“In the past few years, Apple has instituted policies to reduce its corporate facilities’ reliance on fossil fuels, make its products more energy efficient, reduce the amount of toxins in its products, and make it possible to easily recycle old Apple products at Apple stores — earning Apple a B- for environmental responsibility,” she says.

O’Connell adds that, while Apple has made “significant progress” on environmental issues under Cook and with Jackson, there’s still much room for improvement.

To improve its “grade,” the company still needs to reduce its carbon footprint at manufacturing facilities (where the bulk of its greenhouse gases are emitted), reduce the amount of toxins used in manufacturing to protect workers and design its products for longer use and easier repair.

Worker’s rights: D

In 2012, when The New York Times dug into the dangerous factory conditions in China, things looked grim. The Gray Lady unearthed stories of workers getting killed and maimed in the process making of iPhones. Cook didn’t respond effectively to the accusations, with a leaked memo showing his frayed temper. “Any suggestion that we don’t care is patently false and offensive to us. As you know better than anyone, accusations like these are contrary to our values. It’s not who we are.” And while the worker’s rights reports that Apple has been publishing since 2007 have shown improvement in these conditions, it’s just not enough.

“Apple still earns a D for worker rights — both overseas and at their retail stores in the United States,” O’Connell says.

Acquisitions: A-

Under Tim Cook,  acquisitions at Apple are up 64 percent. The $3 billion paid August 1 for Beats Electronics dwarfs the rest of the companies Apple has taken into the fold. Many questioned whether the company’s move was a wise one. It’s definitely a bold move — the company’s largest acquisition ever — but because of Apple’s “healthy cash and investments balances” the buy won’t “strain Apple’s liquidity” or knock down its Moody’s Aa1 rating. The investor’s service expects the buy to bring “modest revenue growth opportunities” for Apple, too, including a future in wearables and in-home tech markets.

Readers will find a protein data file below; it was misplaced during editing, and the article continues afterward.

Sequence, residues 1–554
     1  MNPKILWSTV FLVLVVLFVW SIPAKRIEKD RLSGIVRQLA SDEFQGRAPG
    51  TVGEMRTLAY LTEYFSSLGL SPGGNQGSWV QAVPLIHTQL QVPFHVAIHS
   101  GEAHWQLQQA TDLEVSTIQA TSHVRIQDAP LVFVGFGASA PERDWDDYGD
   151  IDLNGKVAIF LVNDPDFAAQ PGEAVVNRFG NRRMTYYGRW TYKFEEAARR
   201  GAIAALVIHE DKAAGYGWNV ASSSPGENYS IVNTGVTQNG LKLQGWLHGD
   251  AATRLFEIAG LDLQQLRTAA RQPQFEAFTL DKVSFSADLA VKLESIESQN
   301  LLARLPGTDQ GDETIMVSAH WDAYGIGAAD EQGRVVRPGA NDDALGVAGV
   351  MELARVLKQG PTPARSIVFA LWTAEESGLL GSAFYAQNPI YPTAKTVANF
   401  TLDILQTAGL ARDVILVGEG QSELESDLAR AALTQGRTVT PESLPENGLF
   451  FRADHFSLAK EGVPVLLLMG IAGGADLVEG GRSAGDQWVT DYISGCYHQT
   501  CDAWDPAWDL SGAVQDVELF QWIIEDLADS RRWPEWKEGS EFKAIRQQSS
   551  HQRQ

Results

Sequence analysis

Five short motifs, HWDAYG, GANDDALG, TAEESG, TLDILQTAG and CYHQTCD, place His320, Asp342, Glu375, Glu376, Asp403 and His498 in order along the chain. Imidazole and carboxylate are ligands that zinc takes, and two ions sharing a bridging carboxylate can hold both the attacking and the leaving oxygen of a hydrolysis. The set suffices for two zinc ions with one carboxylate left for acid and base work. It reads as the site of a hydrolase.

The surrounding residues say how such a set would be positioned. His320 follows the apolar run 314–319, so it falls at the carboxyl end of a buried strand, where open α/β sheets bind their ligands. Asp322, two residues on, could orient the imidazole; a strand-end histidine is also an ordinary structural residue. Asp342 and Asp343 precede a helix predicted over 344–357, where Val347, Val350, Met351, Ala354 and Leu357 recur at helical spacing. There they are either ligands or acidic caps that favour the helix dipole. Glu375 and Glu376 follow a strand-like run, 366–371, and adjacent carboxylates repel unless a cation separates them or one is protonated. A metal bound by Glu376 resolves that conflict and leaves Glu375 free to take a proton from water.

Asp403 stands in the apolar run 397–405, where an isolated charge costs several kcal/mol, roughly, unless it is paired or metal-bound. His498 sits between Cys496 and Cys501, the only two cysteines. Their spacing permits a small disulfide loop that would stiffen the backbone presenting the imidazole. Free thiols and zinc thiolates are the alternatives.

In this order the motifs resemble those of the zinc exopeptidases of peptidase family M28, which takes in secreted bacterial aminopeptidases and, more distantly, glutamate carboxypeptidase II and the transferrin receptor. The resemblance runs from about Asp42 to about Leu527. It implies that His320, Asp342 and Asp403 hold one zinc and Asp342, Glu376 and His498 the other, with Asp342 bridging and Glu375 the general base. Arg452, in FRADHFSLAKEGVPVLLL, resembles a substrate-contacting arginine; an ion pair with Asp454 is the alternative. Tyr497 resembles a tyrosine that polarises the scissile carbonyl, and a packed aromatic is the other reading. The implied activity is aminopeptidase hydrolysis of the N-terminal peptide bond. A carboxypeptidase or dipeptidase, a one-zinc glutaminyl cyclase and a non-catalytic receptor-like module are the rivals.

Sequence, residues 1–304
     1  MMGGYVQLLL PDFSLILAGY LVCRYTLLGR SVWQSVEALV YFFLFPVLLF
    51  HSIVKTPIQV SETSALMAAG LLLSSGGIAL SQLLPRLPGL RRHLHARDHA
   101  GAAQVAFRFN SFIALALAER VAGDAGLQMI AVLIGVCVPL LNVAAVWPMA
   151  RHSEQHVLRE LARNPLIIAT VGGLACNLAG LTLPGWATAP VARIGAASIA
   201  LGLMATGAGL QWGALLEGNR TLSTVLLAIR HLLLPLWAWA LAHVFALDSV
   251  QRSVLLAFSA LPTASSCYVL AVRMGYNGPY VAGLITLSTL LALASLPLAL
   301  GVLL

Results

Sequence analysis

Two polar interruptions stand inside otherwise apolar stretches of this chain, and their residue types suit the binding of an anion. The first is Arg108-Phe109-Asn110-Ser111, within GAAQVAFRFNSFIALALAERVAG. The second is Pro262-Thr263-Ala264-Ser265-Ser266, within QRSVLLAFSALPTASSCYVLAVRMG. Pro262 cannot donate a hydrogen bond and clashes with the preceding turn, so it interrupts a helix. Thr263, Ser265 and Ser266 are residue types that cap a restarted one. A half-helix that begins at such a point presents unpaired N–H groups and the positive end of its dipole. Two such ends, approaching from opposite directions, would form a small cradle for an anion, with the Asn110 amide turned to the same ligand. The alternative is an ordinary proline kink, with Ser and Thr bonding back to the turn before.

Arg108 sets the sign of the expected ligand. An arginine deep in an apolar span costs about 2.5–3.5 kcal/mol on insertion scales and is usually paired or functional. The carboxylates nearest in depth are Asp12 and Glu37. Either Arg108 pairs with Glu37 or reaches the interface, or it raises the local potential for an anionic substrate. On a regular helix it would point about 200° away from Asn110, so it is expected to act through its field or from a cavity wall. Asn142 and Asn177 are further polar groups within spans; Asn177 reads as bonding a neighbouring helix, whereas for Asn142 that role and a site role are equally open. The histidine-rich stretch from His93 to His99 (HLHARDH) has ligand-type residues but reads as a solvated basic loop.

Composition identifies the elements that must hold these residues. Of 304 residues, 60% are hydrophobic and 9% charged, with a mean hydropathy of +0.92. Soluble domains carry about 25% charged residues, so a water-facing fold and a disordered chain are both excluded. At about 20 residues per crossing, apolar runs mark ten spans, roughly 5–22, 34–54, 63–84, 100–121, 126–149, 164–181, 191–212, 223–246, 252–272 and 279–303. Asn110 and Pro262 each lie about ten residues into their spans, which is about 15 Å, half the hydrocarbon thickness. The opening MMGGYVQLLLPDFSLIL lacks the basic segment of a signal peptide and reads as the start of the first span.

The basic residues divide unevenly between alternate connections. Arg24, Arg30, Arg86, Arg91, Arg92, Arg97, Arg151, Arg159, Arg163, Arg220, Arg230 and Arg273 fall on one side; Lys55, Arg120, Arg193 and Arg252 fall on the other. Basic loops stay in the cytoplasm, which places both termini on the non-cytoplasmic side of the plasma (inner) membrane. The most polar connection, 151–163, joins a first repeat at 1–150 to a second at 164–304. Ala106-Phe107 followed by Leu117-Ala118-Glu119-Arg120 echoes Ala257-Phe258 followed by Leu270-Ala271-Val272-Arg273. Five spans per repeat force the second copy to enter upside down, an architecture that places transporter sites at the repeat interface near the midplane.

Cook is definitely setting a new pace for acqui-innovation at the company, where buys include everything from AlgoTrip (data compression) to Topsy (analytics) and Swell (music streaming). These types of deals set the rumor mill aflame with speculation about what Apple will be cooking up next. There have been criticisms of the piecemeal nature of these buys, but the CEO maintains there’s a strategy behind it. “We generally do it for skills or IP [intellectual property],” Cook said at a 2013 conference.”And we generally move the skills to work on something else.”

Employee approval rating: A-